Did I plan to write this story of my life? Not really, for
several reasons: I did not think I had much to say about
myself; if I had, I thought it might not be interesting; or,
even if it was, I was certain nobody would be interested
in reading it. People are only interested in reading
the life stories of great men and women. They think
ordinary people have nothing special to offer. One can
learn nothing from them. All they say is very trivial,
unimportant, just like the idle chat one hears aboard a
bus, a train, in waiting rooms, restaurants, etc.
I, myself, have read many biographies, but only of
great people from Antiquity to modern times, from
the East and the West, to mention but two: Chuang
Tzu (between 399 and 295 BC) and Eleanor Roosevelt
(1884-1962). However, over the past ten years, I have
read dozens of case histories of ordinary people like
myself in several psychology books. The texts are
of different lengths, going from a few paragraphs to
several pages. I learned many interesting things from
these little people that I have not learned from the great
men, as the Arab saying goes,
One finds in the river
one doesn’t in the sea.
I felt closer in many aspects to, and sympathetic
with them. I used to complain not to anyone else, but to
myself, of loneliness. As I started to get more and more
in contact with such suffering people, and there were so
many of them, one day I said to myself, That is right,
I am alone.
But I am not the only person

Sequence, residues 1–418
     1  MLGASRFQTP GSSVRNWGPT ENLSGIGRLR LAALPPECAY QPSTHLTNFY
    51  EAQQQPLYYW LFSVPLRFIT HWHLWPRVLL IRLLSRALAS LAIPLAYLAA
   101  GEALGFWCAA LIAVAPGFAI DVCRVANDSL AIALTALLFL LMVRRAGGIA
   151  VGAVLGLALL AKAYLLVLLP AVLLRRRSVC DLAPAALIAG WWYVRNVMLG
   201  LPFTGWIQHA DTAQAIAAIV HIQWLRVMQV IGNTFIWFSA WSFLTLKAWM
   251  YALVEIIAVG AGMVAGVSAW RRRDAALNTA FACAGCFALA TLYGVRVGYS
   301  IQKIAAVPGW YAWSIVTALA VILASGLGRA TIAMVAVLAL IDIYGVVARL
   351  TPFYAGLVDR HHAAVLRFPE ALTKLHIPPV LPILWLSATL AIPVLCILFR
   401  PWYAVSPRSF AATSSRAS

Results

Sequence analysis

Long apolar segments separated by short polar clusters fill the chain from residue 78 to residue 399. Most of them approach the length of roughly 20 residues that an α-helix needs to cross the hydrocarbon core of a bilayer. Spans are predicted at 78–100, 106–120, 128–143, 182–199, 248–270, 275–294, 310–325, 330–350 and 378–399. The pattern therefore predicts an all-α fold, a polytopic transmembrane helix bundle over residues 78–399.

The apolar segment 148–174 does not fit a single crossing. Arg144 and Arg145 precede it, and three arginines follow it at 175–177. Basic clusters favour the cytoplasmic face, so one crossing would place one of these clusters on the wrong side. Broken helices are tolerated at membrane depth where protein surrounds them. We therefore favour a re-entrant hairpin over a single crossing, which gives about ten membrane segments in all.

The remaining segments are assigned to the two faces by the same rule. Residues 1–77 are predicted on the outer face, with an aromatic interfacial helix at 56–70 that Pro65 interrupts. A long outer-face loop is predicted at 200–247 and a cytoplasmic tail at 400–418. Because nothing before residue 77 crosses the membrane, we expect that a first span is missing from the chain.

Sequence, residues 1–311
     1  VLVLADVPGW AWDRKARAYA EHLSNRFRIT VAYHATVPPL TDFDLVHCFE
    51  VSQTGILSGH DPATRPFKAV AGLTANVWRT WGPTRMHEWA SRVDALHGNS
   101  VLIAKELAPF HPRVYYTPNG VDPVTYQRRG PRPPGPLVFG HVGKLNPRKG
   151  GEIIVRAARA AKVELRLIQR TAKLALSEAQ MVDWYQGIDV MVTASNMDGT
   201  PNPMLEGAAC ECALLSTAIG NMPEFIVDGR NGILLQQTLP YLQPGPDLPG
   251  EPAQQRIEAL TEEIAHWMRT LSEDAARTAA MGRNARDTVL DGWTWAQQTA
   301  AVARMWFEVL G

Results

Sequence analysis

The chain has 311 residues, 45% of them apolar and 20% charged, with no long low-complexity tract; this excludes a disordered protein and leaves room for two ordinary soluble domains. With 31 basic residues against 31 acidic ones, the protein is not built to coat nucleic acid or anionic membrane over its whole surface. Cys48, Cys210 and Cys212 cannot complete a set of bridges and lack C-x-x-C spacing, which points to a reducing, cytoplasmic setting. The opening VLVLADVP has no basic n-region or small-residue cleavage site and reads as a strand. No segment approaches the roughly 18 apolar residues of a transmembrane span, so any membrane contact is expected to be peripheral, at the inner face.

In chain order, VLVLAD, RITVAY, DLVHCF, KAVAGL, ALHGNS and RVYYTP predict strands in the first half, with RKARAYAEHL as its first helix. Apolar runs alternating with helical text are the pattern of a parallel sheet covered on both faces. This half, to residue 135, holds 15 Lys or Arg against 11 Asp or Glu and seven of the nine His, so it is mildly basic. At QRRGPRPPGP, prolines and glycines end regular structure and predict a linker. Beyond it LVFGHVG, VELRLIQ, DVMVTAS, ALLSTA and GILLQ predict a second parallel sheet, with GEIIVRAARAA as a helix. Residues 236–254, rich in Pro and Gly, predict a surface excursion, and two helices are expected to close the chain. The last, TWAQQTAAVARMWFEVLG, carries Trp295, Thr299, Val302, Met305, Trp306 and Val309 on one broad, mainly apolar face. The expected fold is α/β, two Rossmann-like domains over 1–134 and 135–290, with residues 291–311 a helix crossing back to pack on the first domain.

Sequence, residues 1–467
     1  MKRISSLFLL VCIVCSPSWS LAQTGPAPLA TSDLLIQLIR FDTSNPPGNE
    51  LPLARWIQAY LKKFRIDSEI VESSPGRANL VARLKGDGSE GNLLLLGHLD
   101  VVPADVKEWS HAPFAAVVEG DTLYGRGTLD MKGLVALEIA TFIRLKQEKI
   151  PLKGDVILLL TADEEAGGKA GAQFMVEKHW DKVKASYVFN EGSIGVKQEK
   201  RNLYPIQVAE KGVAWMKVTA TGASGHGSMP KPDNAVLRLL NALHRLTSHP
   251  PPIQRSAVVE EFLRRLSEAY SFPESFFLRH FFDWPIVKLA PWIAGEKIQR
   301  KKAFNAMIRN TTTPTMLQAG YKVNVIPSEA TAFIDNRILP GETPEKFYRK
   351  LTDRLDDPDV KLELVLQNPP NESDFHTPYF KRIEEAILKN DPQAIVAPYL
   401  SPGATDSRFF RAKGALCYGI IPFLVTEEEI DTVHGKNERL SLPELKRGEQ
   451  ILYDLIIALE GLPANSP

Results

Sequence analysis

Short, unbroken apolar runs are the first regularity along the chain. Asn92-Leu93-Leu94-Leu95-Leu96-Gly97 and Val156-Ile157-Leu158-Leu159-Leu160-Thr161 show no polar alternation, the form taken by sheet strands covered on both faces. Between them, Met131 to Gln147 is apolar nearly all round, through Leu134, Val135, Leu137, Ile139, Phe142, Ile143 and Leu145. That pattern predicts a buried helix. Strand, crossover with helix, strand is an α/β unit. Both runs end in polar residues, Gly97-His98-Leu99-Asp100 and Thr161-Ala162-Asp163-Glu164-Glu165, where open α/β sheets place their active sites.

Who feels alone.
Nearly everyone does nowadays
All over the world
And throughout History.
Therefore, I am not alone.
I feel in union and communion
With all those solitary people.
In 1999, right after my retirement, I went through
a very serious crisis due to burnout, as I had worked
for twenty-two and a half years at a stretch seven
days a week throughout the year, for my work was my
hobby, and my hobby was my work. I had to undergo
therapy in Los Angeles, California. When I filled out
the application, I was asked by my therapist to supply
him not quite with an autobiography, but an account of
mainly my childhood and adolescence. It was not to be
published in a book, but just for his information to put in
my le. I immediately did as I was asked. It was indeed
painful reliving all those childhood traumas. However,
in the end, I felt relieved. I did not know exactly why and
how until I read, by chance, in Emotional Alchemy: how
the Mind can Heal the Heart, by Tara Bennett-Goleman,
that just getting these feelings out had surprisingly
bene cial effects ( New York: Harmony Books, 2001,
p. 186). The author referred to a book entitled, Opening
Up: the Healing Power of Expressing Emotions, by
James W. Pennebaker ( New York: Guilford Press, 1990).
Then I came across another book called, Writing as a
Way of Healing: how Telling our Stories Transforms our
Lives, by Louise DeSalvo (Boston: Beacon Press, 2000).